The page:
Bottom Line: The toll-free- policy implemented by the Chinese government is problematic, of which not only failed to make the expressway convenient for people to travel, but also exacerbated the air pollution which the government has to fix expensively in the future.

* Please comment on these posts from my environmental economics students, to help them with unclear analysis, other perspectives, data sources, etc.


Anonymous said...

Very interesting, what percentage of citizens own private cars (and thus are reaping the benefit)?

Katharina Bauer said...

I also find your post very interesting as it illustrates nicely how turning roads into a public good creates regulatory issues. I especially like your policy recommendation to overcome traffic jams by introducing discounted travelling times.
You state that the policy leads to rising emissions and air pollution and that these are costs the Chinese government will have to face in the future. However, the free-toll policy is only introduced during four days. To what extent is this significant enough to contribute to future pollution in cities?
The government in Beijing is seeking to counter pollution. Supposing that pollution is significantly increased in cities during these four days, to what extent do you think the citizens will need to pay for the additional environmental pollution in other, more hidden taxes?
If the government uses revenue from an increase in these hidden taxes to compensate pollution, might that be an additional alternative to improving the policy?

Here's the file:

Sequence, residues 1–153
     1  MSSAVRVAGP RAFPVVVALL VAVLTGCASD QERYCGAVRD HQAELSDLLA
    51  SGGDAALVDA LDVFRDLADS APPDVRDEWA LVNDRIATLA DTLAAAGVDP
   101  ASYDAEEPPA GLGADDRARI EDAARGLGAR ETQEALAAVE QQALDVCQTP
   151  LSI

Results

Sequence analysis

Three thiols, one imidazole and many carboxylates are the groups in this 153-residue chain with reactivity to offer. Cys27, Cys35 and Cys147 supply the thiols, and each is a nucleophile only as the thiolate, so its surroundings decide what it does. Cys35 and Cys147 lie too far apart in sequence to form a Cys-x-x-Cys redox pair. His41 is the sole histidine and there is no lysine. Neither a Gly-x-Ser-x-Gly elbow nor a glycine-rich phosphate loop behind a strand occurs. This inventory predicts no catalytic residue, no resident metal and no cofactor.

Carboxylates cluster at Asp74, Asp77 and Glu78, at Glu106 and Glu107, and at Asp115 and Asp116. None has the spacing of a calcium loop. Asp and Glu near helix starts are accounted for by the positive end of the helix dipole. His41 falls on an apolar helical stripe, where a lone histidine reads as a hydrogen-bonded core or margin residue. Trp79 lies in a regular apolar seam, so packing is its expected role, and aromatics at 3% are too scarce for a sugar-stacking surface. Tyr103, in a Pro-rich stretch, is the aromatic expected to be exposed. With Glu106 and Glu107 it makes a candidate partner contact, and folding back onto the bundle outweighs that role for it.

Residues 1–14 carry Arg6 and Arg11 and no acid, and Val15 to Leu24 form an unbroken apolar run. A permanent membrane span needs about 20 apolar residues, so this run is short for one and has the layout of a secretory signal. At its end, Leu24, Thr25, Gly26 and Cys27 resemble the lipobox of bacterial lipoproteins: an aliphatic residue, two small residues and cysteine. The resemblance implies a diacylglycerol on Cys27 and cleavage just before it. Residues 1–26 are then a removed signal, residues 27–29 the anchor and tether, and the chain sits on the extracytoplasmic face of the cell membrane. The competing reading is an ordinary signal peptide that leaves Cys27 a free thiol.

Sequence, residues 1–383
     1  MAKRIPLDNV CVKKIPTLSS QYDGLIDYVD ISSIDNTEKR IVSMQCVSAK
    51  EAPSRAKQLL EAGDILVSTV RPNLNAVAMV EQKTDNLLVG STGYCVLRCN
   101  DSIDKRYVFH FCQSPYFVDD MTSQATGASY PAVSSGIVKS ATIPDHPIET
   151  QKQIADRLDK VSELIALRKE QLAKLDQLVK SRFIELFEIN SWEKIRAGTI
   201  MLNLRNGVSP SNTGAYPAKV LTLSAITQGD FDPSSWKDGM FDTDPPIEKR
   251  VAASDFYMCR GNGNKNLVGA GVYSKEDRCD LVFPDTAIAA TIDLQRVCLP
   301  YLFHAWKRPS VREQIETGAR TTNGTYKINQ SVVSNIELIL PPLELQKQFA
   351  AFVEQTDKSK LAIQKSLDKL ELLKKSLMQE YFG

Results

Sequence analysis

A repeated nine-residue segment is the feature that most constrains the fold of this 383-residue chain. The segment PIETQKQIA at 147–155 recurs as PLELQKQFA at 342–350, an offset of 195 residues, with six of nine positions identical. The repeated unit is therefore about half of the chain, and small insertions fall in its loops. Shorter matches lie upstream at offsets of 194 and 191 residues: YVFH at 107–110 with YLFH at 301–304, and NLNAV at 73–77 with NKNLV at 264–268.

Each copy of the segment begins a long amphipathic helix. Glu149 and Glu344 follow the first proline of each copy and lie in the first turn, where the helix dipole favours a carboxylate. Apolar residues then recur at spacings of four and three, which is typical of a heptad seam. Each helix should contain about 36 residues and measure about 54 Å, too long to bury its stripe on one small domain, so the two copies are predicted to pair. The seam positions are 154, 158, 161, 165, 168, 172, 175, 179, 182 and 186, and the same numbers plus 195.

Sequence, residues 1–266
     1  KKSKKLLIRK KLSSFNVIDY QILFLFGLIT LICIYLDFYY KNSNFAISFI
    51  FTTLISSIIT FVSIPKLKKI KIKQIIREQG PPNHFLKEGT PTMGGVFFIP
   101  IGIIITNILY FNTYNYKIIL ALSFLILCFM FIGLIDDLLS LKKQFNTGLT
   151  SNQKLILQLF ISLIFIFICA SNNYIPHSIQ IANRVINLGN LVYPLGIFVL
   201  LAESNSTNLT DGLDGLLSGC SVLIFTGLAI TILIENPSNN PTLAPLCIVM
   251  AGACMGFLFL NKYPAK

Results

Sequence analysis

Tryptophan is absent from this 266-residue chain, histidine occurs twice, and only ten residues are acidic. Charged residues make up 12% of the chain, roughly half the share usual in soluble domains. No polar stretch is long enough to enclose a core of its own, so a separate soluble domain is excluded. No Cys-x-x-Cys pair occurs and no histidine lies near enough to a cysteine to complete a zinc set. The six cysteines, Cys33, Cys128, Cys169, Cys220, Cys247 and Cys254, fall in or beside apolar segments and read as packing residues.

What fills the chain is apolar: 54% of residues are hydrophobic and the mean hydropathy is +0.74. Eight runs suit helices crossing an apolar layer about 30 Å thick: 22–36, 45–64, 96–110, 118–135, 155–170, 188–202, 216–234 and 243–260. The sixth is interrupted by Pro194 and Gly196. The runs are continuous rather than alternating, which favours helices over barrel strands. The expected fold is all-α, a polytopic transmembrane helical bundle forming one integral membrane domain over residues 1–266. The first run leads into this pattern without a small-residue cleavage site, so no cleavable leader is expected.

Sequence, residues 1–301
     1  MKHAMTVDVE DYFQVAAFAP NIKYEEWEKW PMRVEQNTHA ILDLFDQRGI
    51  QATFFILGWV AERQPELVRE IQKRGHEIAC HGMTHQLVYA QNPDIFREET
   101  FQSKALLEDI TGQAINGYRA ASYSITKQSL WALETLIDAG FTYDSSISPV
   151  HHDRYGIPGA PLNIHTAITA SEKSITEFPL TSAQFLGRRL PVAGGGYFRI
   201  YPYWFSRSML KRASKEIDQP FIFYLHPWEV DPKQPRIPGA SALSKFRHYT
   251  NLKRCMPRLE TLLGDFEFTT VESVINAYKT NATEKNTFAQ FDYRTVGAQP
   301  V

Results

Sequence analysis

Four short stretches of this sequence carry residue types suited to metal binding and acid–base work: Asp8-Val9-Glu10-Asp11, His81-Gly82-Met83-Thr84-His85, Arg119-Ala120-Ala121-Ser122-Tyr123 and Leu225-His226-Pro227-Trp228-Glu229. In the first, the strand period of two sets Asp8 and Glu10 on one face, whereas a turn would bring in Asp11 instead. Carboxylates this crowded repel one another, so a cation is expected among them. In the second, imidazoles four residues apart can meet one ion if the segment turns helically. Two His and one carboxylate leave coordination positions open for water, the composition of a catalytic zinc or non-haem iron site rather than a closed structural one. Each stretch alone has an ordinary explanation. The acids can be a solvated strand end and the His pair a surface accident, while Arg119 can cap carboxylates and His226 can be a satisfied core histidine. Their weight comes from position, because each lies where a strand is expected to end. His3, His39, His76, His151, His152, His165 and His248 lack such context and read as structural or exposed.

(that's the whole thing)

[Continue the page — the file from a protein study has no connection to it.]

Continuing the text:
Naor Deleanu said...

I believe in your last sentence, you are advocating for a congestion charge? It would be great to expand on this further.

Kaiyuan said...

Dear Anonymous: Thank you for your reply. Please refer to the following website for a very intuitive illustration of the question you concerned. It compares private car ownership rates between Chinese cities and foreign cities: http://www.chinasignpost.com/2013/06/23/counting-cars-rising-private-automobile-ownership-in-chinese-cities-paves-road-for-gasoline-demand/

Kaiyuan said...

Dear Katharina: thank you for your comment. The questions you raised are very valuable to my research, and I will put more thoughts into them when I am writing my paper. There is one thing I would like to clarify. The "four holidays" as referred by the policy actually has more than four days. Take the National Day Holiday for example, it is a Seven-Day Vacation during which many of the Chinese choose to travel. People usually call it, as well as other three holidays, the "golden week". The four holidays in total consist of more than twenty days, thus the pollution caused should be considerably large, although I do not have a number for that at this moment.

Kaiyuan said...

Dear Naor: thank you for your comment. Yes, that's what I planned to do. However I would not call it congestion charge,as the congestion is mainly caused by the policy, and the suggestions I will come up with is to modify the policy by minimizing the negative effects i.e. congestion and pollution it caused.